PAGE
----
Tuesday, May 8, 2012

Music piracy : Nothing to gain, everything to lose

Music piracy and the protection of recording artists is an issue that I am extremely passionate about and an issue I follow quite frequently.  As a performing artist, I believe that supporting music and purchasing albums is how we respect and perpetuate artistic growth.  Please reference a recent essay I wrote regarding the topic below.

Music piracy is the copying and distributing a piece of music for which the composer, recording artist, or copyright-holding record company did not give consent.  Music piracy is a form of copyright infringement, which is a crime in many countries.

The late 20th and early 21st centuries saw much controversy about copyright piracy regarding many aspects involved in the activity of illegal downloading.  More portals and websites for illegal downloading and file sharing among peers seemed to be more abundant during this time as well.  These aspects included the act of redistributing media content, how much production and distribution companies in the media were losing due to piracy, and the very scope of what ought to be considered piracy.  The cases involving piracy were most discussed in debate as to determine how to define the act and how to treat individual cases of illegal downloading.

The term commonly known is “piracy” but that’s too small of a term to adequately describe the toll that music theft takes on the gigantic cast of industry personnel working hard behind the scenes to bring the high quality music to your ears.  The cast of music personnel includes songwriters, recording artists, audio engineers, computer technicians, scouts, producers, publishers, and many, many other people that help the music industry stay afloat.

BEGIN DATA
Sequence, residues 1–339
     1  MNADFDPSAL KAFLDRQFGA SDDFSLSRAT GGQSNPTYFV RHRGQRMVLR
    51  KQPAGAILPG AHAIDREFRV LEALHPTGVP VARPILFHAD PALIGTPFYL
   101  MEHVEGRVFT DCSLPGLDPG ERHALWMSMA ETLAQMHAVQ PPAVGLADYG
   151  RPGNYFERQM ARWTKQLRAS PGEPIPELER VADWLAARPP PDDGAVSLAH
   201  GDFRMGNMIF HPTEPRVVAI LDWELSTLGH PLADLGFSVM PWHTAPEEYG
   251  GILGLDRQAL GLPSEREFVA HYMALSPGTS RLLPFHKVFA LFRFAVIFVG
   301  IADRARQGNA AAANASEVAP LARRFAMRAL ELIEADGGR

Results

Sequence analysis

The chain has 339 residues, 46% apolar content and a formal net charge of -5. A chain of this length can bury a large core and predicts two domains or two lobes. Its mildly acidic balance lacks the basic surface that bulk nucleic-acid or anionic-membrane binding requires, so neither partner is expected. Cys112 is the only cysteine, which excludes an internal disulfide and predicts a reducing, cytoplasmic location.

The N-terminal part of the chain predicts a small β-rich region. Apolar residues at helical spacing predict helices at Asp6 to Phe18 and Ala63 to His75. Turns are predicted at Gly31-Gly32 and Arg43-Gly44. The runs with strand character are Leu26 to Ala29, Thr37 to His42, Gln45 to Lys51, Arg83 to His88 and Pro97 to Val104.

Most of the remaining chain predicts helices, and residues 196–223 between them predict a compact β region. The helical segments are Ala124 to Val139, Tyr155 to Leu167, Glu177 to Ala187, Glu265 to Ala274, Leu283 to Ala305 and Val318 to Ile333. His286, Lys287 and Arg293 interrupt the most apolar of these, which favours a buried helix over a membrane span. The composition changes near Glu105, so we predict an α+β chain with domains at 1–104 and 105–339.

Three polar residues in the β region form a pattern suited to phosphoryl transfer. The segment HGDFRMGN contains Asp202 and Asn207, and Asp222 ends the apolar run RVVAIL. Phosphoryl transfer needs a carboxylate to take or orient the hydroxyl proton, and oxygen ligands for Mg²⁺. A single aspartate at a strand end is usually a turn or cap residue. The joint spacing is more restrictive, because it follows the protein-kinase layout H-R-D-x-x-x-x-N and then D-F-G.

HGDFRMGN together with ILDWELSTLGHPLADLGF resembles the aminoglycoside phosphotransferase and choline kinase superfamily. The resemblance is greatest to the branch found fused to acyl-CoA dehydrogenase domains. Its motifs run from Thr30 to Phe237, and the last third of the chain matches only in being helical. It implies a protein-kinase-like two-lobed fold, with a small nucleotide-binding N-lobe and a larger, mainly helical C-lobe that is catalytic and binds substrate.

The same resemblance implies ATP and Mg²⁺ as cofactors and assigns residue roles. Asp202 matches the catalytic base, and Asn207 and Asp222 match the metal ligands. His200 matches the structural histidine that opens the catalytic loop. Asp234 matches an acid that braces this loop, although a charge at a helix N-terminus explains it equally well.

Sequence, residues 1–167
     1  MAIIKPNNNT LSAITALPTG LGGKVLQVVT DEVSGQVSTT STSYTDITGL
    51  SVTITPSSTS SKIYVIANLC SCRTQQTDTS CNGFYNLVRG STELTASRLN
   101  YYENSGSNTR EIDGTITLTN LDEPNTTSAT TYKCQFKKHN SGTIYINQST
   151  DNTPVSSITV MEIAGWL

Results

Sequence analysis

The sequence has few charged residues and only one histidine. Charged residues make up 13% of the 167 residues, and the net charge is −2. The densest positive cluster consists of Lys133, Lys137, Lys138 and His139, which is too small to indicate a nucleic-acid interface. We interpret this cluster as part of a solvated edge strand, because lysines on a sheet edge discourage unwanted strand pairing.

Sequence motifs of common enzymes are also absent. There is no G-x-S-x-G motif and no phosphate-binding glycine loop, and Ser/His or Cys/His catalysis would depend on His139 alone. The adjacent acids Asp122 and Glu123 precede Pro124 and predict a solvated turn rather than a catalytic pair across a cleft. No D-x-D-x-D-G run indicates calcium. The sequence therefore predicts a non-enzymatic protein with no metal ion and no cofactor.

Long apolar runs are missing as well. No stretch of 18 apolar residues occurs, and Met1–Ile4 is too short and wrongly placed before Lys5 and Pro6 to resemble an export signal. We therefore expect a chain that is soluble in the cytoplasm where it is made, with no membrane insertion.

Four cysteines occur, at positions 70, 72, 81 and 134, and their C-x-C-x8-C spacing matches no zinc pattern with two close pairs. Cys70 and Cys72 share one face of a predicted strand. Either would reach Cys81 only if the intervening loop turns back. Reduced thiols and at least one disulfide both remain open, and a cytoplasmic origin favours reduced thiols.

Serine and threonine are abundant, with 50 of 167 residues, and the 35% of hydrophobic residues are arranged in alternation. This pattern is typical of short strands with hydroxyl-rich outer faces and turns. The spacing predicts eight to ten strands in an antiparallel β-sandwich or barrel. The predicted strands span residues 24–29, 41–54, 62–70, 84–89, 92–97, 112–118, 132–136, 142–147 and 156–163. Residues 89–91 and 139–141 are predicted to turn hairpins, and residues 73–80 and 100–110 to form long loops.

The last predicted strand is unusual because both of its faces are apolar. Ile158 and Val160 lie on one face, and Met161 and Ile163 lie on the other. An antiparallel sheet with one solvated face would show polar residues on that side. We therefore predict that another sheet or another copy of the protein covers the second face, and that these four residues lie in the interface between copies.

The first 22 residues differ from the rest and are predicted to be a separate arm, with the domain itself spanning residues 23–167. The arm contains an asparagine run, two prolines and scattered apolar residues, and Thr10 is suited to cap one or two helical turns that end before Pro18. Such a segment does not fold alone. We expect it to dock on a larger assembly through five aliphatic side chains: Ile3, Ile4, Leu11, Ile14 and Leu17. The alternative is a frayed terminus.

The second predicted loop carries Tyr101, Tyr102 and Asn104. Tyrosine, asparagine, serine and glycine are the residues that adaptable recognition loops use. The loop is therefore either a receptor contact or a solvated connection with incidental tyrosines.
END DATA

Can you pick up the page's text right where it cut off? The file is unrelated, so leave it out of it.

It seems that simply one individual downloading one song may not feel like a serious crime or be harmless at all.  The true harm is the accumulative impact of millions of songs downloaded illegally.  This massive accumulation means not compensating any of the people who helped create that song and make it available to the masses and music fans.  This reality is devastating to all the employees of the music industry.  A study conducted by the Institute for Policy Innovation estimates the annual harm at $12.5 billion in losses to the U.S. economy.  In addition to the economy, 70,000 lost jobs are a result and $2 billion in lost wages to American workers.

When all the accumulated losses are pulled together, it makes one think again about downloading one song or potentially album illegally to save a few dollars in the process.  Especially when a lot of pirated downloads are not even the correct quality one would purchase normally on iTunes or through a legitimate purchasing music venue.  As a performing artist myself, I would personally be crushed to not be paid any compensation for all the hours I put into producing music and ensuring that it was a high quality product to release to the masses.  I would additionally be crushed to learn that I wasn’t supported monetarily and would find it hard to keep producing music if I received no respect for the art I was producing.  In turn, I am against music piracy, even in the smallest of forms, every illegally downloaded song adds up to millions of losses for all those in the music industry.

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